Posts Tagged ‘Cascine Records’

Saints and Sebastian Stories

Upon relocating to Oslo for college, two longtime friends from Norway’s northern fringe discovered a powerful musical chemistry. As Konradsen, Jenny Marie Sabel and Eirik Vildgren deliver an artful new spin on tender coffeehouse indie, infusing it with flashes of folk and post-rock and avant-R&B without wavering from their distinct voice. Their debut “Saints And Sebastian Stories” is spellbinding, like encountering an old friend in a dream and discovering they have superpowers.

Konradsen, the duo of vocalist and pianist Jenny Marie Sabel and multi-instrumentalist Eirik Vildgren, trace their roots to the far north of Norway, where the black night of winter is backlit by the neon glow of the Northern Lights. It’s a fitting metaphor for the music the pair crafts, where tradition meets innovation, and the natural world expresses its astral filament.

Inspired by the traditional songs and hymns Sabel sang with her family as a child, the duo’s debut album ‘Saints and Sebastian Stories’ weaves Sabel’s soulful and transportive vocals with field recordings and samples of ambient sounds, filtered through a modern pop filter. Voices of past and present dance over minimalist piano, atmospheric electronics, programmed beats and organic horns, forming a delicate sonic narrative centered on family and community that reflects the arc of their musical journey.

Taken from their debut LP ‘Saints and Sebastian Stories” – out October 25th, 2019, Cascine Records

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Singer/songwriter Matt Kivel shared a new single, “Radiance,” taken from his forthcoming album, Last Night In America, out on May 10th via Cascine Records. Kivel has been releasing music under his own name since 2012. He’s put out four solo albums over the years—Double Exposure in 2013 on Olde English Spelling Bee, Days of Being Wildin 2014 on Woodsist, and Janus and Fires on the Plain, both released in 2016 on Driftless Records. With a minimalist foundation of hushed vocals, a gentle drum machine and gusty synths, “Radiance” pairs ambient folk-pop with the good-natured acceptance of life’s inevitable yet resplendent gear-turning.

“Radiance” comes from ‘Last Night in America’ by Matt Kivel, out on Cascine Records

After hearing EP II back in 2015, it was a pretty unanimous feeling that there was just something extra amazing about the band Yumi Zouma. Their blend of 80s-leaning synth designs, easy breezy vocal treatments from Christie Simpson and cross-continental songwriting technique (Charlie Ryder in London, Josh Burgess in New York, and Christie Simpson & Olivia Campion in Christchurch) stood out among their peers in the dream pop landscape.  After three fantastic full-lengths including a sensational Oasis cover album, Yumi Zouma is ready to continue the EP series.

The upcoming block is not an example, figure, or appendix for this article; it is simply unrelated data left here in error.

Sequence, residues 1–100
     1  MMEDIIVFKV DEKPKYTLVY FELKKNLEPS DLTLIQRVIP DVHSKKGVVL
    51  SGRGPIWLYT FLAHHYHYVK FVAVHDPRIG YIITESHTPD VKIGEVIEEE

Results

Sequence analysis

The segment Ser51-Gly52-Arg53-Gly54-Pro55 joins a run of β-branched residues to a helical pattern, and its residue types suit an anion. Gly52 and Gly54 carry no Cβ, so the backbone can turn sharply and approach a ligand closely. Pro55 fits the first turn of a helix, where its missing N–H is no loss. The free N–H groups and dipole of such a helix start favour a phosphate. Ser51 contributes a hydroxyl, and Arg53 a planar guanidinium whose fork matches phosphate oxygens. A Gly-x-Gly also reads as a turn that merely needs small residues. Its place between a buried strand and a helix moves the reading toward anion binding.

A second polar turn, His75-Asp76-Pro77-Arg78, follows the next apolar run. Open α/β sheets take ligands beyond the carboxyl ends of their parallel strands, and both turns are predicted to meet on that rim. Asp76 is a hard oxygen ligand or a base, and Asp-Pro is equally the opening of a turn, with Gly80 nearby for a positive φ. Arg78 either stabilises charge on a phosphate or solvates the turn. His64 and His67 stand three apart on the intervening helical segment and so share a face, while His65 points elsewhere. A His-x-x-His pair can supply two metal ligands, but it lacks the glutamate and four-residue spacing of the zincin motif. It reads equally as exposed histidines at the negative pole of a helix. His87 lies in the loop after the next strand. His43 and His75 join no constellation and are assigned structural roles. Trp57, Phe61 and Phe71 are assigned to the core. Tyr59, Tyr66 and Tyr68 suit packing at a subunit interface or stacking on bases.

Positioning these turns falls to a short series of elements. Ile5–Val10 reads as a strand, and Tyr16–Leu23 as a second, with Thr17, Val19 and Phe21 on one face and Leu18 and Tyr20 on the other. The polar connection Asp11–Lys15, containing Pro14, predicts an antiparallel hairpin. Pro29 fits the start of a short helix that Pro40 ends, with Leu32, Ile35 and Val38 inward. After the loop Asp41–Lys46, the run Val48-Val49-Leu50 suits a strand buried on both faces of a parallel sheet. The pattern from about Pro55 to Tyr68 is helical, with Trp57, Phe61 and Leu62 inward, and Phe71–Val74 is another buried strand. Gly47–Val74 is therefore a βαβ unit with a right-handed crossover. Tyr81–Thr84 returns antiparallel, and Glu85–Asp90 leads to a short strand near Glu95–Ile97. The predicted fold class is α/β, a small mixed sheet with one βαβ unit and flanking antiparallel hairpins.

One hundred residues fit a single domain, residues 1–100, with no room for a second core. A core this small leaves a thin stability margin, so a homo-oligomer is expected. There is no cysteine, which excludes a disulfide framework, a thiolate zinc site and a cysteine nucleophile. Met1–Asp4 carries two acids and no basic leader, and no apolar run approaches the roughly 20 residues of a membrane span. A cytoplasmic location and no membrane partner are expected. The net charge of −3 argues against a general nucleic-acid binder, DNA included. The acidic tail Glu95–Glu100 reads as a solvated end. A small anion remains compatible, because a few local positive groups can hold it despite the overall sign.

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First single In Camera starts off right where the last one ended over 3 years ago, thick with atmospheric dance pop straight out of a John Hughes film.  Just try and not love this f-ing song.  Once you get your heart back into your chest, smash that ‘buy’ button and get yourself a 10″ slab on blue and white split vinyl.  All preorders will include a hand-numbered autographed print from the band, while supplies last.

Cascine Records webstore pre-orders are pressed on limited edition white vinyl, and will also include an exclusive 10″ print, hand-numbered and signed by Yumi Zouma.

Yumi Zouma returns with EP III, completing the trilogy they started with EPs I and II. This new collection finds the international act stronger than ever, sculpting effortless atmospheres, winsome hooks and stadium-ready finishes. EP III is out digitally on September 28th, and will be released as 10″ vinyl on November 16th.

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Yumi Zouma now returns with their anticipated third EP, bookending their era of intimate and restrained short-form releases. The new tracks are just as effortless and engaging as expected, but they also tell the story of a band evolving. Lush, electronic productions buoy key tracks and the vocal deliveries are increasingly sophisticated

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being spread across the globe doesn’t seem to hinder Yumi Zouma; if anything, the quartet thrives off of displacement.  our reigning best new artists turned in their much-anticipated ep mere months after receiving the accolade, one that showcases a more intricate understanding of how to intertwine soaring hooks and intimate textures.  “alena” and “catastrophe” are both baleric anthems, indulging in their respective melodies to craft compositions that feel like extroverted extensions of the subdued persona

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Please Check out this band, I would love to see them Live.

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Brooklyn-based synth-pop trio Half Waif released their Cascine Records debut album Lavender in April. It’s about love, legacy and the inevitable decline of human existence. The album’s closer “Ocean Scope” ties up loose ends after 11 songs filled with talk of endings.